Rendering of the proposed three-flat | Provided by A-Z Builders

A proposal to build a pair of three-flats on a vacant lot at 237 N. Menard Ave. got pushback from neighbors who worried the new development would bring more traffic and density to a block largely made up of single-family homes.

Wheeling-based A-Z Builders, which previously built five three-flats on lots throughout Austin, is looking to build two more. Each would have a smaller, two-bedroom unit at the basement level and two three-bedroom units on the first and second floors. Developer Adam Zegarski said it would operate like a traditional Chicago multi-flat – the buyer would live in one of the units and rent out the rest.

While the developer can build houses of that size by right, building three-flats requires a zoning change. During a June 7 ward community meeting, which was held at Columbus Park Refectory, 5701 W. Jackson Blvd., developers described the project as a way to preserve affordable housing, create opportunities for multi-generational housing in the community and create extra property tax revenue for the city. But the residents of the block said that, while they supported housing on the lot, they would rather see single-family homes.

The property has long been vacant, and several residents who attended the community meeting complained that it hasn’t been well-maintained. According to Cook County records, the city purchased the lot in 1996 as the previous owner struggled to pay off city debts. Effective April 25, 2016, the city sold the land to Gugly Inc – a corporate entity owned by Oak Park real estate broker Gregory Sorg.

According to Cedrick Hunter, A-Z’s broker who is based in north Austin, the developer is currently in the process of buying the land, but the sale was contingent on the zoning change.

Chicago aldermen traditionally had veto power over any zoning changes within their wards. Ald. Chris Taliaferro (29th Ward) said he wanted to hear from the community after many neighbors came to his ward night, where constituents can talk to him one-on-one.

A-Z Builders’ attorney Agnieszka “Agnes” Plecka said Zegarski is trying to do something rare in modern development and that he believes there is demand for new three-flat units with modern amenities, something that would fit well with existing homes and provide opportunities for either multi-generational housing or for the homeowners to earn extra money by renting.

“The only difference [from what’s allowed under the current zoning] is, instead of having a huge house, that building will have three affordable, beautiful apartments,” she said. “That’s the essence of our proposed zoning change.

A May 2021 DePaul University Institute For Housing Studies report on the state of 2-to-4 flats in Chicago described such homes as playing “a unique and critical role in Chicago’s overall housing supply by providing affordable rental housing, homeownership, and wealth-building opportunities.” It raised an alarm about this type of housing getting converted into single-family homes and reducing the affordable housing supply.

“More than any other type of rental housing in Chicago, 2-to-4-unit properties are the most likely to offer lower-cost rents and family-sized units and these units make up a substantial portion of the housing supply in Chicago communities of color, particularly the city’s Latinx communities,”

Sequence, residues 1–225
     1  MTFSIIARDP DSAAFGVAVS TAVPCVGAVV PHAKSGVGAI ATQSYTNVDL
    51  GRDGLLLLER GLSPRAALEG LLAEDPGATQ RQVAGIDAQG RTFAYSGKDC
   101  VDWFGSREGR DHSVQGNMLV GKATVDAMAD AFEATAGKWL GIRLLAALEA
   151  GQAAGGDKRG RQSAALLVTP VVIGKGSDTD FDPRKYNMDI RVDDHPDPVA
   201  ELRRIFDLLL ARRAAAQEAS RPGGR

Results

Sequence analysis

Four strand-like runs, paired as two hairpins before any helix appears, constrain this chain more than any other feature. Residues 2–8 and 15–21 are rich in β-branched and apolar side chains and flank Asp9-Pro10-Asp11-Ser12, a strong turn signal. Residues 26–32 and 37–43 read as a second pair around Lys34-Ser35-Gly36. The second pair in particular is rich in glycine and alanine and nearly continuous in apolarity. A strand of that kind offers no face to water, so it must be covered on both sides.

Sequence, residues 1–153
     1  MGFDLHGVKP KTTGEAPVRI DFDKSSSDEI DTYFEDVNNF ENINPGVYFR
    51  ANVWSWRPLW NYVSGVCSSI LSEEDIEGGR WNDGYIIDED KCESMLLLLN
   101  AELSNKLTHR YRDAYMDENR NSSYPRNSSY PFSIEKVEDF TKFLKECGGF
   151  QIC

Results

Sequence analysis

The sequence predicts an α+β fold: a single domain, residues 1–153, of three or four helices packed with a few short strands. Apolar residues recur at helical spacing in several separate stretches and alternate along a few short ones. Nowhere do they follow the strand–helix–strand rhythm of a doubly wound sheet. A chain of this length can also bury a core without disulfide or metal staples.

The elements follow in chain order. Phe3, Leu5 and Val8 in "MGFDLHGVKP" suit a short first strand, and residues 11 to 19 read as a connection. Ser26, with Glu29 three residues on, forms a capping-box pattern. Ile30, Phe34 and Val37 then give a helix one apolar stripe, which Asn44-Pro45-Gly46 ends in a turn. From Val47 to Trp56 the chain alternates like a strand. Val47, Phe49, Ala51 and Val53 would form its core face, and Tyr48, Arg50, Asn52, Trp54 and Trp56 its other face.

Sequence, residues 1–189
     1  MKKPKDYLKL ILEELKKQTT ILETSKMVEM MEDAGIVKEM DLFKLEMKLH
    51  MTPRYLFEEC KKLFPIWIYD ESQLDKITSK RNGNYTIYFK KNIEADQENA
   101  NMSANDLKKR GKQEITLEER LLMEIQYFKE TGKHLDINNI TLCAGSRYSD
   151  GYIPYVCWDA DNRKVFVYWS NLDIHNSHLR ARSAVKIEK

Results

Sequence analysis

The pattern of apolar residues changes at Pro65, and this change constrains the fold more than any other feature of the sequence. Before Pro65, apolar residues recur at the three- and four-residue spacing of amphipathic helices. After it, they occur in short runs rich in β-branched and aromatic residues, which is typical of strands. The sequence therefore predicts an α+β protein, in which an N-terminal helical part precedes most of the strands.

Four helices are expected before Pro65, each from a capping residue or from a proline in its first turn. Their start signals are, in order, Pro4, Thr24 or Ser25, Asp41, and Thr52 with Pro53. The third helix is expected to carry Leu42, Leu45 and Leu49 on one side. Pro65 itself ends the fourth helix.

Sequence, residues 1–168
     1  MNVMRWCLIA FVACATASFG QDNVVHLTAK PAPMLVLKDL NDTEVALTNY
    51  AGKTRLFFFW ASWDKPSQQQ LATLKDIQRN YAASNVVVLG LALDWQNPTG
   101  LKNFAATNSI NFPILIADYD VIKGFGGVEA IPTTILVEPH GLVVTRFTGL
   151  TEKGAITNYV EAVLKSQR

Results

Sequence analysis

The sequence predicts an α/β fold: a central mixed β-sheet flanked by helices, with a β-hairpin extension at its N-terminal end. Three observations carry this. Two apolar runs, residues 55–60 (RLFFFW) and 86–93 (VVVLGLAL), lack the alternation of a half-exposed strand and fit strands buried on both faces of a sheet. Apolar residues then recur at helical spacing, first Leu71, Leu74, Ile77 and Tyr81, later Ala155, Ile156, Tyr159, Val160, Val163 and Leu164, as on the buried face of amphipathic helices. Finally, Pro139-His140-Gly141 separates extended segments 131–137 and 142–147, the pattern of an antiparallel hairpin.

Hunter sought to allay concerns about absentee landlords.

“Ninety percent of the buildings that we sold have been owner-occupied, so the owner has a vested interest in the community,” he said.

But most of the residents in attendance weren’t convinced. Augustus Sharp, who lives north of the lot, was among several residents who raised concerns. He questioned the fact that each building will have rear parking that can fit six cars.

“Personally, I don’t want to see two buildings, three floors there,” he said. “We don’t have a lot of traffic, a lot of trouble [on our block]. Right now, it’s peaceful, and I would like to keep it that way.”

Marianne Jackson, who lives a few houses south of the site, said she was worried about the development’s impact, noting that families could have many children. She was one of several neighbors who worried about tenants taking in people who are not on the lease.

“I did a rough count of people who live in the buildings on that side of the street -you’re only talking about 18 to 20 people,” Jackson said. “You’re talking about building the structures where there could be that many people in those structures.”

She also worried that allowing a zoning change for this site could pave the way for other property owners requesting zoning changes further down the line.

“There’s a six-flat on that corner at the 100 block, and we got problem over there all the time,” Jackson said. “We got people sitting on the stoop, running their mouth, partying.”

Hunter said the development team would take the feedback into account, adding that, as a resident of the 29th Ward, he wouldn’t be involved in a development that would harm the neighborhood.

“You guys are all together, and you’re coming out to oppose the development – it’s really good that you’re all a cohesive unit,” he said. “I would go back to my group and consider our options.”

Igor Studenkov is a winner of multiple Illinois Press Association awards for local government and business reporting. He has been contributing to Austin Weekly News since 2015. His work has also appeared...